Hebrew


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Related to Hebrew: Hebrew alphabet, Hebrew people

Hebrew

1. the ancient language of the Hebrews, revived as the official language of Israel. It belongs to the Canaanitic branch of the Semitic subfamily of the Afro-Asiatic family of languages
2. a member of an ancient Semitic people claiming descent from Abraham; an Israelite
www.wsu.edu.8080/~dee/HEBREWS/HEBREWS.HTM

Hebrew

 

a Semitic language of the Canaanite subgroup, the official language of Israel.

Hebrew is spoken by about 2.5 million people, according to 1972 estimates. The Hebrews of Palestine spoke ancient Hebrew in the second and first millennia B.C. The most important work in ancient Hebrew is the Old Testament. The oldest part of the Old Testament, the Song of Deborah, was written in the 13th or 12th century B.C.; the rest of the text, between the ninth and the second century B.C.; and the various legends, beginning in the ninth century B.C. The phonetics, grammar, and lexicon of ancient Hebrew are typically Semitic. The proto-Semitic consonant-ism has basically been retained, but the vocalism has become much more complex, through different developments of the vowels in various syllablic and accentual conditions. The Semitic morphology, except for the cases, has been almost entirely retained. Grammatical meanings are rendered through the alternation of vowels, the gemination of stem consonants, and the use of suffixes and prefixes.

At the beginning of the Common Era, Hebrew was replaced by Aramaic in everyday speech, remaining only a language of culture and religion. During the Middle Ages (and in modern times), Hebrew became the language of artistic, philosophical, scholarly, and religious literature.

Hebrew again became a spoken language in Palestine around the turn of the 20th century. Modern Hebrew retains a number of the ancient morphological forms, roots, and words, but its semantics and syntax have undergone strong substratal and superstratal influences of Yiddish, other Germanic languages, and Slavic languages. There are several traditional pronunciations of Hebrew, including the Ashkenazic, among the Jews of Eastern Europe; the Sephardic, in the Balkans and among those Jews who had come from Spain; the pronunciation of the Jews of the Arabic countries; and the pronunciation of the Georgian Jews. The basis of modern Hebrew is Sephardic. In modern Hebrew, vowels and consonants are no longer distinguished through gemination, and several specifically Semitic consonants, such as the emphatics and most of the laryngeals, have been lost. The lexicon is being modernized and supplemented mainly from Semitic roots and models of word formation.

REFERENCES

Shapiro, F. L. Ivrit-russkii slovar’, s prilozheniem kratkogo grammati-cheskogo ocherka iazyka ivrit. Compiled by B. M. Grande. Moscow, 1963.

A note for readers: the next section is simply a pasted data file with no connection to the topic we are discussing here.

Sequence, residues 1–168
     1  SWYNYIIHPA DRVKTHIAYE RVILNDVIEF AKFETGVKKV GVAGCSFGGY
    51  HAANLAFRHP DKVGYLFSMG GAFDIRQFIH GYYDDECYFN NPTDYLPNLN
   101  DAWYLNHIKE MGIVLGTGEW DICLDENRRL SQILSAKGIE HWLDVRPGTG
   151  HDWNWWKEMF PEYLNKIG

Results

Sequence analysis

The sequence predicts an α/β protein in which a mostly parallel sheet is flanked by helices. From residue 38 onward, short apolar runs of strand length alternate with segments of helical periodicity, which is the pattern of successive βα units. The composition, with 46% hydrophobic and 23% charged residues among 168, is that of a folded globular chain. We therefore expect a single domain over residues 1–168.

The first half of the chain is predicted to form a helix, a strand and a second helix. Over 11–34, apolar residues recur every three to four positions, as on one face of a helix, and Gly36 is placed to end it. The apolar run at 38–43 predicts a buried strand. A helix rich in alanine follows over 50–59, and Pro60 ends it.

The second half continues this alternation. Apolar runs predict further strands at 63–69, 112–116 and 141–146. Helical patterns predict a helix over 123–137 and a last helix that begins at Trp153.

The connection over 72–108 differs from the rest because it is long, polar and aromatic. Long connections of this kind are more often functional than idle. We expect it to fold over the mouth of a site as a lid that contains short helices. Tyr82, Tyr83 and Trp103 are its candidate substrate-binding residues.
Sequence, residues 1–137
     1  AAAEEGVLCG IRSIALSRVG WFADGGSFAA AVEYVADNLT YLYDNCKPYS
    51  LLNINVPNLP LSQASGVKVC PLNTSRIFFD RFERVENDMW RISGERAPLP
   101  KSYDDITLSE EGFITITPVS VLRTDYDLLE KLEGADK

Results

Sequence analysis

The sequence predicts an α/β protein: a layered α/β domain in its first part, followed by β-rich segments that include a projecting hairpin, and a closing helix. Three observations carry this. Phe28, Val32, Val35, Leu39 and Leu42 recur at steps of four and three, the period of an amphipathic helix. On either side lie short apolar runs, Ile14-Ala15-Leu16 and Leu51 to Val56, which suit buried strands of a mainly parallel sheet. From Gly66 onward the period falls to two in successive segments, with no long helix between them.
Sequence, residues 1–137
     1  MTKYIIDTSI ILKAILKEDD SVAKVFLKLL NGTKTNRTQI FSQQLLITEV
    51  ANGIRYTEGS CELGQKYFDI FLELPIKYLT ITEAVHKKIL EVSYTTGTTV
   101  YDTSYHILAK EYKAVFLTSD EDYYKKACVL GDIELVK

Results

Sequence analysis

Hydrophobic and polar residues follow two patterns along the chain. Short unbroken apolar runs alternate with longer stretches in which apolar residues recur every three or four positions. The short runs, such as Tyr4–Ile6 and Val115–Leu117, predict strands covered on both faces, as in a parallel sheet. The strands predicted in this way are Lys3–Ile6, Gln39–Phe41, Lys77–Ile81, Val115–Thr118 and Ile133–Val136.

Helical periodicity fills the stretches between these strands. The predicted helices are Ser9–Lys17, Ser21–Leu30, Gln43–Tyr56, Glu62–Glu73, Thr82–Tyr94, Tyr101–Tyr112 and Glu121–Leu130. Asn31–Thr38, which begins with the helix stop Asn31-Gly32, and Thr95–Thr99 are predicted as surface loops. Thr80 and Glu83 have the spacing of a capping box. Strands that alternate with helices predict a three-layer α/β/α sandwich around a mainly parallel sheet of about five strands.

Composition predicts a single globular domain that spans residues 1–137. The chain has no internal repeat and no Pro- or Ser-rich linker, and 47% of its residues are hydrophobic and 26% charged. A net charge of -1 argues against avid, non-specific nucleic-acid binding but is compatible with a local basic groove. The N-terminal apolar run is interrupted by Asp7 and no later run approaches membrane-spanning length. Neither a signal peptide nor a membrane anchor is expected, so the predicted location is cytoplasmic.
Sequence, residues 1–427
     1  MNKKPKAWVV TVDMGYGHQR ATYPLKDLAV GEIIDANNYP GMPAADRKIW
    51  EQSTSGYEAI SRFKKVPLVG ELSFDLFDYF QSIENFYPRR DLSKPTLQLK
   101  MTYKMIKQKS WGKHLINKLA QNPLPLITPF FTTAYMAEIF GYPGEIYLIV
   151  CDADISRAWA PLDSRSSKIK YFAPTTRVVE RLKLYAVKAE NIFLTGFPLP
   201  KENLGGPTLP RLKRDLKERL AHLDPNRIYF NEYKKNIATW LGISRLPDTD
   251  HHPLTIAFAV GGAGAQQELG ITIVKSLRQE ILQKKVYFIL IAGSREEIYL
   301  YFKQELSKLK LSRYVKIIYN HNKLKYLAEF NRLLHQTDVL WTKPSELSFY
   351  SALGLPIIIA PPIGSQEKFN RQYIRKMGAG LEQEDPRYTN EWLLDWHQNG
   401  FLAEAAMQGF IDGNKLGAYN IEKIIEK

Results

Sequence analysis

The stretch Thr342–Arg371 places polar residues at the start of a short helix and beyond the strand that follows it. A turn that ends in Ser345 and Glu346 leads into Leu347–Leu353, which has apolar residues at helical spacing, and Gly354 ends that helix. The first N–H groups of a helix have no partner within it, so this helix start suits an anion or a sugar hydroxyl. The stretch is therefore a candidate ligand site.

Steuernagel, C. Hebäische Grammatik, 12th ed. Leipzig, 1961.
Rosen, H. B. A Textbook of Israeli Hebrew. Chicago, 1966.
Even-Shoshan, A. Milon khadash, 5th ed., vols. 1–5. Jerusalem, 1956–57.

A. B. DOLGOPOL’SKII

References in classic literature ?
There went two, who at a little distance might have been taken for the Hebrew spies, on their return to Moses with the goodly bunch of grape.
Grant now arose and commenced his service with the sublime declaration of the Hebrew prophet: “The Lord is in His holy temple; let all the earth keep silence before Him.
In this case I found her biography sandwiched in between that of a Hebrew rabbi and that of a staff-commander who had written a monograph upon the deep-sea fishes.
They have got the "Grotto" of the Annunciation here; and just as convenient to it as one's throat is to his mouth, they have also the Virgin's Kitchen, and even her sitting-room, where she and Joseph watched the infant Saviour play with Hebrew toys eighteen hundred years ago.
The piety of the Hebrew prophets purges their grossness.
To teach the Negro to read, whether English, or Greek, or Hebrew, butters no parsnips.
The French alphabet, written out with the same numerical values as the Hebrew, in which the first nine letters denote units and the others tens, will have the following significance:
The really delightful marriage must be that where your husband was a sort of father, and could teach you even Hebrew, if you wished it.
She could hardly have been further away from really understanding Moody if he had spoken in Hebrew.
If I had spoken to him in Greek or Hebrew, I could hardly have puzzled him more effectually.
All our Law and Story strewed With hymns, our Psalms with artful terms inscribed, Our Hebrew songs and harps, in Babylon That pleased so well our victor's ear, declare That rather Greece from us these arts derived-- Ill imitated while they loudest sing The vices of their deities, and their own, In fable, hymn, or song, so personating Their gods ridiculous, and themselves past shame.
In which scroll were written in ancient Hebrew, and in ancient Greek, and in good Latin of the School, and in Spanish, these words: 'Land ye not, none of you.